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Toronto Maple Leafs: Reasoning Behind the Colby Armstrong Buyout

VANCOUVER, CANADA - FEBRUARY 18: Kevin Bieksa #3 of the Vancouver Canucks falls to the ice after colliding with Colby Armstrong #9 of the Toronto Maple Leafs during the third period in NHL action on February 18, 2012 at Rogers Arena in Vancouver, British Columbia, Canada.  (Photo by Rich Lam/Getty Images)
Rich Lam/Getty Images
John B MathesonCorrespondent IDecember 19, 2016

The Maple Leafs announced today that they would be buying out the remainder of oft-injured Colby Armstrong’s contract.

Armstrong responded to the news on his Twitter feed where he thanked the fans of Leaf Nation. The forward also commented on his injury-laden career in Toronto.

Over the last two seasons in Toronto, Armstrong managed to play only 79 games, tallying nine goals and 26 assists.

He may not have been a prolific scorer, but he was never intended to be. Armstrong’s physical play is why Toronto obtained the winger.

Unfortunately, injuries slowed down his game, which caused many fans to start asking for a trade or buyout for the 29-year-old winger.

While Armstrong may have enjoyed playing in Toronto—and when healthy, the Leafs seemed to play better with him in the lineup—too many injuries brought about the buyout.

While many analysts went to their Twitter feeds to mention the Leafs latest move, NBCSports.com commentator Joe Yerdon mentioned a possible Brandon Prust deal.

The Rangers forward signed a two-year deal in 2010 for $1.6 million per year. He had 46 points during that time with the Rangers.

If the Leafs can work out a deal with Prust, it would fill a gap left by Colby Armstrong.

Prust is one of the rare players that can both score and fight; in the 2010-11 season he was one of seven players to have 10 fights and 10 or more goals.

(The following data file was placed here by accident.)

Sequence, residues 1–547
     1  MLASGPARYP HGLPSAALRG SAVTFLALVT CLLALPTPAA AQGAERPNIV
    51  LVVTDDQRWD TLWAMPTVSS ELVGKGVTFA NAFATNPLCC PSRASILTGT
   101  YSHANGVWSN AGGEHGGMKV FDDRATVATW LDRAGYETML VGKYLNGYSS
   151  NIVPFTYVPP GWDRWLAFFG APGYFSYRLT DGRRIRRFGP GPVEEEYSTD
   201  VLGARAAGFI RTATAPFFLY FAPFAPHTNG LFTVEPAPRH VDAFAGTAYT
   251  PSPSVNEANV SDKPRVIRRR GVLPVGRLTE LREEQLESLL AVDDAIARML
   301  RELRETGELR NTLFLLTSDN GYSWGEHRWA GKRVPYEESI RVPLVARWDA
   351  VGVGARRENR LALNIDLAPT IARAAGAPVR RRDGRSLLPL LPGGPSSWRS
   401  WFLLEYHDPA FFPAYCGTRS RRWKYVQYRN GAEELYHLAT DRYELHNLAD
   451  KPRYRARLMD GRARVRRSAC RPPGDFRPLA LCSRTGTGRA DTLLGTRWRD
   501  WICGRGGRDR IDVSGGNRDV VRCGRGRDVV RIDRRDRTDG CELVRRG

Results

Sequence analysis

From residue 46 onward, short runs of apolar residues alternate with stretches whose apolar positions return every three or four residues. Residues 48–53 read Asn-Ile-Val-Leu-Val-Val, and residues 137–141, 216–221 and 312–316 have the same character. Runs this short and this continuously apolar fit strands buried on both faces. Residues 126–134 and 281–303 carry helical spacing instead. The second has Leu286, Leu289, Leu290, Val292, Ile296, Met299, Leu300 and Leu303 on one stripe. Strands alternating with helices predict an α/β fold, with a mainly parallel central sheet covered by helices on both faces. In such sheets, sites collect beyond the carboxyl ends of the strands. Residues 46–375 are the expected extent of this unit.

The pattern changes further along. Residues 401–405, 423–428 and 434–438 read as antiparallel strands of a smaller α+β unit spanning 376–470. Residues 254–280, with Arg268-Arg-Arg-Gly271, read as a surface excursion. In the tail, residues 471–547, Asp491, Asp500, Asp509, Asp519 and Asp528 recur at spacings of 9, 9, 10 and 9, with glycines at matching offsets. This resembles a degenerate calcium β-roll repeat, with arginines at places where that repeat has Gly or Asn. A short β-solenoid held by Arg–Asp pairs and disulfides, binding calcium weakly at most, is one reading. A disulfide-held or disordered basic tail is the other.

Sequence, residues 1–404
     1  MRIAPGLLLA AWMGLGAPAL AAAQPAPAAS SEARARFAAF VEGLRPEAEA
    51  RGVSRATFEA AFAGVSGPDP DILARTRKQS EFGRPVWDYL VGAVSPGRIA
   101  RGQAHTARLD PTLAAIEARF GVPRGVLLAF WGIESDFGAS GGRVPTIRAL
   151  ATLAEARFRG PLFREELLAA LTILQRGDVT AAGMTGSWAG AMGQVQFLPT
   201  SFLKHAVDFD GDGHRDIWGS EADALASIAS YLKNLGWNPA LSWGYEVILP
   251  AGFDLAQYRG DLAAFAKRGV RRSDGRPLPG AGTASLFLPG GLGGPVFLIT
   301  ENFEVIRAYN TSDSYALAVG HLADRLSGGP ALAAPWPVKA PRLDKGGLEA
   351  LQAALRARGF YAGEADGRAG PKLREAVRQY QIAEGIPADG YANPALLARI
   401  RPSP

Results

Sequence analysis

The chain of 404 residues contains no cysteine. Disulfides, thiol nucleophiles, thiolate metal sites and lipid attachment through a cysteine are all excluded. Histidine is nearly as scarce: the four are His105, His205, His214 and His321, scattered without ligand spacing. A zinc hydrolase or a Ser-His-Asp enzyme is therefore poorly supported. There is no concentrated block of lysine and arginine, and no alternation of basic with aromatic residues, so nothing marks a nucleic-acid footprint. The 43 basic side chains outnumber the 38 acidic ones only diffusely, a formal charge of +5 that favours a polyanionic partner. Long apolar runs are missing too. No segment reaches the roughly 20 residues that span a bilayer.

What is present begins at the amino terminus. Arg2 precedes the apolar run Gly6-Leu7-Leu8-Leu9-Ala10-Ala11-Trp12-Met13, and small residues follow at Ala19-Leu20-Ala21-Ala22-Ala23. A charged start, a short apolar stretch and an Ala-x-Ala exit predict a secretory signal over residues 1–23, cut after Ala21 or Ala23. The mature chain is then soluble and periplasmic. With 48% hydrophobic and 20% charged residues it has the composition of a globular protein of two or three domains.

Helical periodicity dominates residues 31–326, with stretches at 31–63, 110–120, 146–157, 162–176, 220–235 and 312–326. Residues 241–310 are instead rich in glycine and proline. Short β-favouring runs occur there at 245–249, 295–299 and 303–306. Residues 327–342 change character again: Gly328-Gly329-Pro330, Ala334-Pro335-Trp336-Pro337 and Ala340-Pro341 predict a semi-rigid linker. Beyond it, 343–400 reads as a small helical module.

OTTAWA, CANADA - APRIL 23:  Chris Neil #25 of the Ottawa Senators and Brandon Prust #8 of the New York Rangers fight in Game Six of the Eastern Conference Quarterfinals during the 2012 NHL Stanley Cup Playoffs at the Scotiabank Place on April 23, 2012 in
Richard Wolowicz/Getty Images

A deal for Prust may cost in the area of $2-$3 million, which some fans may feel is too much. Obtaining a tough defenseman who can score could be what the Leafs are looking for.

With Toronto looking to get tougher, the addition of Prust would be an asset.

The other player that the Leafs are looking at is young prospect Justin Schultz. On June 28th, TSN reported the short list of teams that Schultz is interested in, which included Toronto.

Schultz is 21 years old and has yet to play at the NHL level. He was drafted by Anaheim in 2008 and chose to play for the University of Wisconsin.

At the end of May, Schultz de-registered from the University, which gave the Ducks 30 days to sign or trade him as per the rules of the NHL.

With the first day of free agency opening tomorrow, Schultz will be on the open market. Of the five teams named, only one is based in the US, the New York Rangers.

It is apparent that Shultz wishes to play in Canada.

If the Leafs can make a deal with him, he will have an entry level contract as per the current CBA.

Again, if Schultz opts for the Maple Leafs, expect to see him at training camp, though he will probably be among the last cut and the first called up when needed.

The buyout of Colby Armstrong makes room for both players to join the Leafs organization next season.

It makes sense to buyout a contract for a player who over two seasons has played less than a season's worth of games.

Should the Leafs manage to obtain either Schultz or Prust, it would add the ability to trade one or more of the current defensemen in a package deal for a top line center or a veteran goaltender.

Adding to their toughness with a player like Prust would add the toughness that Armstrong once brought to the team.

Schultz would be a cheap player to pick up and has a lot of promise for the future. Even if he doesn’t work out, Toronto would not have over-paid for him.

Armstrong does play in a different position than one of the two discussed above that could replace his physical play, but with the addition of JVR, the forwards will be shuffled this season.

The shuffle could see Lupul on the second line and possibly Kulemin on the third, which would mean either placing Armstrong on the fourth or attempting to trade him.

A trade would have been difficult with the amount of injuries he has had in recent years. The buyout was a good move by Toronto.

While some will be sad to see Armstrong go, Toronto is attempting to put together a better product on the ice.

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